[pypy-dev] Integer arithmetic

Armin Rigo arigo at tunes.org
Fri Apr 8 17:27:30 CEST 2005


Hi all,

(IRC summary with Samuele and myself)

We propose the following rules for how integer operations should behave in
R-Python code:

* operations on plain integers produce longs in CPython when they overflow,
and wrap-around silently on platforms like C.  In other words, they behave
differently when run on top of Python or after translation.  We cannot easily
change that, but instead the following rule seems to be the sanest idea: in
both cases, the only guarantee is that the last 32 (or 64) bits of the result
are correct.  If needed we must call a function, intmask(x), to ensure that we
mask off the high bits on Python.  intmask() is a no-op after translation to
C.

* unsigned arithmetic: the r_uint class is fine for that.  It provides
wrap-around unsigned arithmetic on top of Python, and for the translator it is
a marker that unsigned ints should be generated.  Warning, mixed operations
r_uint+int produce r_uint results; be careful about unlimited propagation.  
Conversion: r_uint(x) for int-to-uint; intmask(x) for uint-to-int.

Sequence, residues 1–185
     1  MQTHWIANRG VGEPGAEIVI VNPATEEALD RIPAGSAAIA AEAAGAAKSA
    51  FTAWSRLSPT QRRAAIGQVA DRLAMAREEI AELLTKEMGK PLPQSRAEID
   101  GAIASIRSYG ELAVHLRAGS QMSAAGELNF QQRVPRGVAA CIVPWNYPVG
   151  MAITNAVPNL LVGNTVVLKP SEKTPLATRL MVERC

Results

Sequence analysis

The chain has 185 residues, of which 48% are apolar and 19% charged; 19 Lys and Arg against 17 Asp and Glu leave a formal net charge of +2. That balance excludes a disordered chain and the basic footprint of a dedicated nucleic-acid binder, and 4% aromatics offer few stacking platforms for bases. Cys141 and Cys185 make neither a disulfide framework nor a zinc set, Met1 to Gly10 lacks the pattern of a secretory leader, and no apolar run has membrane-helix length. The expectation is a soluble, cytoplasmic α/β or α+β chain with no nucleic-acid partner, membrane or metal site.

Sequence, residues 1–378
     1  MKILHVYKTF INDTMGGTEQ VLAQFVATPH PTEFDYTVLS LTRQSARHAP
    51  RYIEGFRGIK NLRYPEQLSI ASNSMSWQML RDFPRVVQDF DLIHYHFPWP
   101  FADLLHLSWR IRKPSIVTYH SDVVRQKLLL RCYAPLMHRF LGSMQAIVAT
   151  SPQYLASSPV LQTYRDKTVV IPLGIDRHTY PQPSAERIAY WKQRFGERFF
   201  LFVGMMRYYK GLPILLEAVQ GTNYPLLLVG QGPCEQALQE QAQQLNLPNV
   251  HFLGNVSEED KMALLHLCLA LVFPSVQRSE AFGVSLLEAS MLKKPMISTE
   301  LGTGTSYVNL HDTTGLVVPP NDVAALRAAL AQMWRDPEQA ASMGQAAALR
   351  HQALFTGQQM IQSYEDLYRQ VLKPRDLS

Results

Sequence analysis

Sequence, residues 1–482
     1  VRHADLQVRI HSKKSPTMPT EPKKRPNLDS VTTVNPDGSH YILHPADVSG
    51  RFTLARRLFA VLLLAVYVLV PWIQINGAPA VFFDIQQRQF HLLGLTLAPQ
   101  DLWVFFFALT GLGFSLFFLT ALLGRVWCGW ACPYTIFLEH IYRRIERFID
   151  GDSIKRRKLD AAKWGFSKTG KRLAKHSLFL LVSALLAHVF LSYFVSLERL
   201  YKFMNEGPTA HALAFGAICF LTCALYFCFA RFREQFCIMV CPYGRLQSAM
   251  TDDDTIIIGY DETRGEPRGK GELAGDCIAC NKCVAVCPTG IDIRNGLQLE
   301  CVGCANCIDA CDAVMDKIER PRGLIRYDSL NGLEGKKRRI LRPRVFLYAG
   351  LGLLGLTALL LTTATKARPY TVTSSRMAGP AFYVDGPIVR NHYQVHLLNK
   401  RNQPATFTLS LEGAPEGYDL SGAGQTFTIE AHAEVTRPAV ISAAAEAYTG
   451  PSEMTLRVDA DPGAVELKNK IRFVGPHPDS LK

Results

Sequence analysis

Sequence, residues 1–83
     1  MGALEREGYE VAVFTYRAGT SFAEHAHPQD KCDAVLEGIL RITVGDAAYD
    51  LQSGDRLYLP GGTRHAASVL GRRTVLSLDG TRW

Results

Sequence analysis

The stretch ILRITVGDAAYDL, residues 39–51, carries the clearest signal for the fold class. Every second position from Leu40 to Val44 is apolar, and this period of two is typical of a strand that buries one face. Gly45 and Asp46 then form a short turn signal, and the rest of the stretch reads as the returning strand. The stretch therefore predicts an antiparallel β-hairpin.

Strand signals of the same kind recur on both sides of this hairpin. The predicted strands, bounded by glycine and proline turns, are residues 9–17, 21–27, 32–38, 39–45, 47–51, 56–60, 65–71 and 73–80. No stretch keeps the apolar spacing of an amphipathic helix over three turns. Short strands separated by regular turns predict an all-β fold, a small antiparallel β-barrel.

* a new space.uint_w() turns a non-negative wrapped int or long into an
r_uint.

* overflow detection: only for signed arithmetic, and only explicitely using a
macro-ish function ovfchecked().  It's only allowed to call it as
ovfchecked(<variable> <operation> <variable>); no subexpressions.  It means
that this single operation is the one that is done with overflow checking.  
When running on top of Python, ovfchecked(x) just returns x unless it is too
large, in which case you get an OverflowError.  After translation, the two
basic block operations "z = op(x,y)" and "simple_call(ovfchecked, z)" can be
detected easily and turned into whatever the back-end does for overflow
checking.  (Additionally, hpk proposed a hack that checks the syntax of the
ovfchecked() call when running on top of Python, to avoid problems with
expressions like ovfchecked(x+y+z) where after translation only the last
operation is checked.)

* Christian's very nice r_int is on the way out...  its main usage, in
intobject.py, will be replaced by ovfchecked().  It's just more explicit and
not really longer.  It's also more in line with Python's evoluation which says
that arithmetic operations don't raise OverflowErrors any more.


Comments welcome!

Armin



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